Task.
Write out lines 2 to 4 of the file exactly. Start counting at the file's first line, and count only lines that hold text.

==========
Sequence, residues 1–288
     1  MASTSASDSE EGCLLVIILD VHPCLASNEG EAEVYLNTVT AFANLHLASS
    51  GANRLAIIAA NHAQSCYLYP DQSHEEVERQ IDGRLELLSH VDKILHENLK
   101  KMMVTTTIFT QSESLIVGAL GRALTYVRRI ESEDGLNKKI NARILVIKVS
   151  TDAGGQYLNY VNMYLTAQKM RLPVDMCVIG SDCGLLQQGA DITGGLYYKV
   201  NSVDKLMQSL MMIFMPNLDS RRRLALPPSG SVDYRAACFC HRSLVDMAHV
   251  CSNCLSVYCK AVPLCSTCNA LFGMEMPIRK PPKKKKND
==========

     1  MASTSASDSE EGCLLVIILD VHPCLASNEG EAEVYLNTVT AFANLHLASS
    51  GANRLAIIAA NHAQSCYLYP DQSHEEVERQ IDGRLELLSH VDKILHENLK
   101  KMMVTTTIFT QSESLIVGAL GRALTYVRRI ESEDGLNKKI NARILVIKVS